Roland Mathias

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Roland Glyn Mathias (4 September 1915 – 16 August 2007), was a Welsh writer, known for his poetry and short stories. He was also a literary critic, and responsible with Raymond Garlick for the success of the literary magazine Dock Leaves (from 1949), later from 1957 The Anglo-Welsh Review. He edited it from 1961 to 1976. His other writing includes books on David Jones, Vernon Watkins and John Cowper Powys, and Anglo-Welsh Poetry 1480-1980 with Raymond Garlick.

He was born at Talybont-on-Usk, south-east of Brecon in Powys, in 1915 and brought up mostly in England and Germany. He graduated in history from Jesus College, Oxford. Days Enduring (1942) was his first poetry collection. He was a pacifist, and was twice gaoled in World War II as a conscientious objector. His career was in teaching, in Wales and elsewhere in the UK where he served as Headmaster of King Edward VI Five Ways School from 1964 to 1969; he retired to Brecon in 1969 and died in 2007. Buried at Aber Chapel on the outskirts of Talybont on Usk.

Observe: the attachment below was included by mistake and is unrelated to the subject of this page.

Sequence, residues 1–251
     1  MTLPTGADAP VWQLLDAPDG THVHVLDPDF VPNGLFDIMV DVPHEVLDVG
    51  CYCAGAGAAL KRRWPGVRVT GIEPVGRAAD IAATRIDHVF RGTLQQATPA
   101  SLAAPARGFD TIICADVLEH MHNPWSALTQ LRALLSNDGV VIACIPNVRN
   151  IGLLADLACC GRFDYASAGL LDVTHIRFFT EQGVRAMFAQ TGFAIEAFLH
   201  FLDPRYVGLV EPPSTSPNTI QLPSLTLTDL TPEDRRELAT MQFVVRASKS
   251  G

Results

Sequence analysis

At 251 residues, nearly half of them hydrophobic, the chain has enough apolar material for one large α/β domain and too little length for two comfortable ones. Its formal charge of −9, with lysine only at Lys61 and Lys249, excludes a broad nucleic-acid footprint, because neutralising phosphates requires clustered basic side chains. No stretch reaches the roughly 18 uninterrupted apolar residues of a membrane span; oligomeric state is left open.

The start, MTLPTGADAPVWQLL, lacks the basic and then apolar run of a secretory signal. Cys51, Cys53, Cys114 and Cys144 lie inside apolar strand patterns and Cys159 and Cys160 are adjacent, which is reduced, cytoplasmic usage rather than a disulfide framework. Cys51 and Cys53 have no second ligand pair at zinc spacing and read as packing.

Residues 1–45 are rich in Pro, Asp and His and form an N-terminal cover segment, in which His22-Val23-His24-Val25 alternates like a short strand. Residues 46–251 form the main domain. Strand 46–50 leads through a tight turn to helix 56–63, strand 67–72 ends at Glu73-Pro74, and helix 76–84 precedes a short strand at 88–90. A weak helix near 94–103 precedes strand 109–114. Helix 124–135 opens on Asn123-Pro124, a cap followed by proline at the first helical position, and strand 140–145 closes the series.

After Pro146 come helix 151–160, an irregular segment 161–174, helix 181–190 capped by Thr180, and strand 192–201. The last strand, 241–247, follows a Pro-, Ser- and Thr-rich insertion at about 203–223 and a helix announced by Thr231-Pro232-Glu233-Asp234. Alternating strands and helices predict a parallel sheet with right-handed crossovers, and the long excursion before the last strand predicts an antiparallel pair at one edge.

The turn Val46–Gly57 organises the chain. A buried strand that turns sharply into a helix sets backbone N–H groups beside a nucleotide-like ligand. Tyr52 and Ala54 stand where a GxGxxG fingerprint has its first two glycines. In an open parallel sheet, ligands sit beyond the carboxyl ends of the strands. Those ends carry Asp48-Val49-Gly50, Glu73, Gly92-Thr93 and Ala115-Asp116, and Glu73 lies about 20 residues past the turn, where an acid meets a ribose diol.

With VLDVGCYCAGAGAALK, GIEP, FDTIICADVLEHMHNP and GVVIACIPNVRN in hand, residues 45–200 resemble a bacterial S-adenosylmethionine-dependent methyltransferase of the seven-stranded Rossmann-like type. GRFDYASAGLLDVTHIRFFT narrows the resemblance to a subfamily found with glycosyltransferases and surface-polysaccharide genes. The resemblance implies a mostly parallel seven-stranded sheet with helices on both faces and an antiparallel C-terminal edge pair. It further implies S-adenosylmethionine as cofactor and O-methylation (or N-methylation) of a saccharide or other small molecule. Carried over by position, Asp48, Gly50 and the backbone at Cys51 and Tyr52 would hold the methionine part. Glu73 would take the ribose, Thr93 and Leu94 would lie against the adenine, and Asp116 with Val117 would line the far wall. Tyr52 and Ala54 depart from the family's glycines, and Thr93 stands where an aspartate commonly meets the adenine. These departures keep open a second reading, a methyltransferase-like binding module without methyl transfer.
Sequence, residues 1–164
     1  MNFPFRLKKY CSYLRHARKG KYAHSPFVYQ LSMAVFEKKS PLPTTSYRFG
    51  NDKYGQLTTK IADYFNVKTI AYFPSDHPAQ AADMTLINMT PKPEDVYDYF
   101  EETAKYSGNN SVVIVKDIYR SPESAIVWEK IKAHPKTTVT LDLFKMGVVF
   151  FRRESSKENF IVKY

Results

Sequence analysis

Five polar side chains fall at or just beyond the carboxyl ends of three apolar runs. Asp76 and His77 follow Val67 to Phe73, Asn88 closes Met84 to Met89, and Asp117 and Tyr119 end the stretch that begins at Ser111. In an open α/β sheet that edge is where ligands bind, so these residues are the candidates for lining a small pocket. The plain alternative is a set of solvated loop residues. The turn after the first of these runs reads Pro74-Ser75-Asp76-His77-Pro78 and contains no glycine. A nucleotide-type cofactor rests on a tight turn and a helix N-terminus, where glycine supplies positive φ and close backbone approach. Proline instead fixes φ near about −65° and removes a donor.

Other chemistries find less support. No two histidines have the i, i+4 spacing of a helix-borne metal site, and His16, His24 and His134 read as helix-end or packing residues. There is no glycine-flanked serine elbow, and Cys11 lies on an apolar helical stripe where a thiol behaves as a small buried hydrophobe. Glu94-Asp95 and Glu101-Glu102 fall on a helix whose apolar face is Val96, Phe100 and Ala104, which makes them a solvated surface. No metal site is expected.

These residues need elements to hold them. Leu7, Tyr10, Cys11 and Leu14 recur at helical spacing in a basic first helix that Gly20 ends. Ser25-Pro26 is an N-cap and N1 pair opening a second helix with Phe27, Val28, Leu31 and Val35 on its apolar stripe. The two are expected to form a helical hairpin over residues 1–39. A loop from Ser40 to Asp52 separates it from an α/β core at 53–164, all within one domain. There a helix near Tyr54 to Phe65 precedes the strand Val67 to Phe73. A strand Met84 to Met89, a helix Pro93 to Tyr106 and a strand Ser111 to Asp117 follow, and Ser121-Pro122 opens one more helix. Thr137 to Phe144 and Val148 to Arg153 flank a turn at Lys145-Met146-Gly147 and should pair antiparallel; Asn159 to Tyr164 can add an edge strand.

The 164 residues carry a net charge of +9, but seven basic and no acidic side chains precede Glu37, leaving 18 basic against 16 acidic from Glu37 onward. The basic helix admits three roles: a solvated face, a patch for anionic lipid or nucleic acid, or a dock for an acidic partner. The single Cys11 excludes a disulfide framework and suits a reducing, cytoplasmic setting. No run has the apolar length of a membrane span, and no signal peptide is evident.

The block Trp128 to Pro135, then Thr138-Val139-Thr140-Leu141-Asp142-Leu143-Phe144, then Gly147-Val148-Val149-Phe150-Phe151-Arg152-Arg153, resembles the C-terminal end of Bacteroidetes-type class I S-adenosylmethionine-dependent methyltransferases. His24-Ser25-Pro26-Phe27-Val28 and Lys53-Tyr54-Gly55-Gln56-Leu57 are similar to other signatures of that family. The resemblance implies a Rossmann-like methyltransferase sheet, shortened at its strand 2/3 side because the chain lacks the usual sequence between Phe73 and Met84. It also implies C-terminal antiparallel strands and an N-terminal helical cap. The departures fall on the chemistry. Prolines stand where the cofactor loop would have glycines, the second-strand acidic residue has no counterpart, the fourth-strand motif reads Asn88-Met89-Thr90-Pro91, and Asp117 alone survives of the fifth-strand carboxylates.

His son, Jonathan Glyn Mathias, known as Glyn Mathias, is a well known political correspondent.

The Roland Mathias Prize, a literary award, is administered by the Brecknock Society and Museum Friends and is named in his honour.[1]

References[edit]

  • Roland Mathias (1995) by Sam Adams
  • The Collected Poems of Roland Mathias (2002) (ed. Sam Adams)
  • The Collected Short Stories of Roland Mathias (2001) (ed. Sam Adams)

External links[edit]